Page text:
The Warmth Of Things by Nélida Piñón, 1980
The magic trick:
Creating an unsettling relationship between mother and son
Two images appeared in my mind while reading this.
One, I recalled Ignatius and his mother from A Confederacy Of Dunces. Two, I recalled the episode of Seinfeld when Jerry imagines Kramer as a turkey. If you’ve seen it, you know what I mean. If you haven’t, it’s far too complicated – and pointless – to explain.
Anyway, I really don’t know what’s happening in this story. It was a tough one for me to sort out. Oscar is obese. His mother isn’t helping. I don’t know the particulars – what’s symbolism, what’s real, what those symbols might even represent? But, I do know that the final scene is seriously messed up. The relationship conjured between Oscar and his mother by story’s end is complex and squirm-worthy, regardless of how you interpret it.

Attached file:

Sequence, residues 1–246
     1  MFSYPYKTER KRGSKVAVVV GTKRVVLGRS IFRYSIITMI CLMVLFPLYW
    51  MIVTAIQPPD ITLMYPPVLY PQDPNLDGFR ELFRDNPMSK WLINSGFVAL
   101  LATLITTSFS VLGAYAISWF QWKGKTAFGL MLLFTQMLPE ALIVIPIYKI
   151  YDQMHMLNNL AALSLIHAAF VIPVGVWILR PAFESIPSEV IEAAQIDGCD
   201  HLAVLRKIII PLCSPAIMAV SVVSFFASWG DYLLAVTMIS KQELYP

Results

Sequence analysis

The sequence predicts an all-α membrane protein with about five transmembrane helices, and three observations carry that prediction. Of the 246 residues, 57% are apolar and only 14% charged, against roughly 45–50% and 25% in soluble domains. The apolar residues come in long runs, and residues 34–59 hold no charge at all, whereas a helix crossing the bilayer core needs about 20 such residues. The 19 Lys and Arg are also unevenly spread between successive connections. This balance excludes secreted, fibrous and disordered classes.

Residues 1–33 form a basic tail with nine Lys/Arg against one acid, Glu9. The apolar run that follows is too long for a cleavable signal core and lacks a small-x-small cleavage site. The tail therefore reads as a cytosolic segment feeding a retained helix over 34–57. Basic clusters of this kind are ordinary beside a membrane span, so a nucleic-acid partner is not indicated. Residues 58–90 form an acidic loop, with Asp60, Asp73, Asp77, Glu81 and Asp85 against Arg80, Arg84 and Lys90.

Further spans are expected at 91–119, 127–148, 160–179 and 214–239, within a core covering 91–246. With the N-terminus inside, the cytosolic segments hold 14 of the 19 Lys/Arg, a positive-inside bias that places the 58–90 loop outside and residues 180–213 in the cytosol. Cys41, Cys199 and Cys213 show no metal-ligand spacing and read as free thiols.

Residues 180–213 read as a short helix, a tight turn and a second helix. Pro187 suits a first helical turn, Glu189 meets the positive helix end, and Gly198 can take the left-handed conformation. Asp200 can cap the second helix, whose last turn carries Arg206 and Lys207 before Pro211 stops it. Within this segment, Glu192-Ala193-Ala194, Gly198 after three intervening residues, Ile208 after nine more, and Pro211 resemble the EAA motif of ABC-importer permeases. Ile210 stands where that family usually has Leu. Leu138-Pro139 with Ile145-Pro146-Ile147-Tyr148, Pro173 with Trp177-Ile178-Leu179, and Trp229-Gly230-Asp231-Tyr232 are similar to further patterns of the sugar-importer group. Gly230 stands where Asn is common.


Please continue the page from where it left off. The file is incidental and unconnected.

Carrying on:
And that’s quite a trick on Piñón’s part.
His mother put up a fight against his wildly staring eyes, his soul continually in mourning. What evil is abroad in the world that makes you look upon us with such suspicion? Oscar gave her a platinum brooch as a present, to be plunged forever into her breast. Drops of poison and the certainty of her own cross to bear were to drip from her flesh. In the face of the enigma that Oscar was posing, his mother, who throughout her life had rejected limpid phrases, uttered the words, “Oh, such a good meat turnover of a son!”
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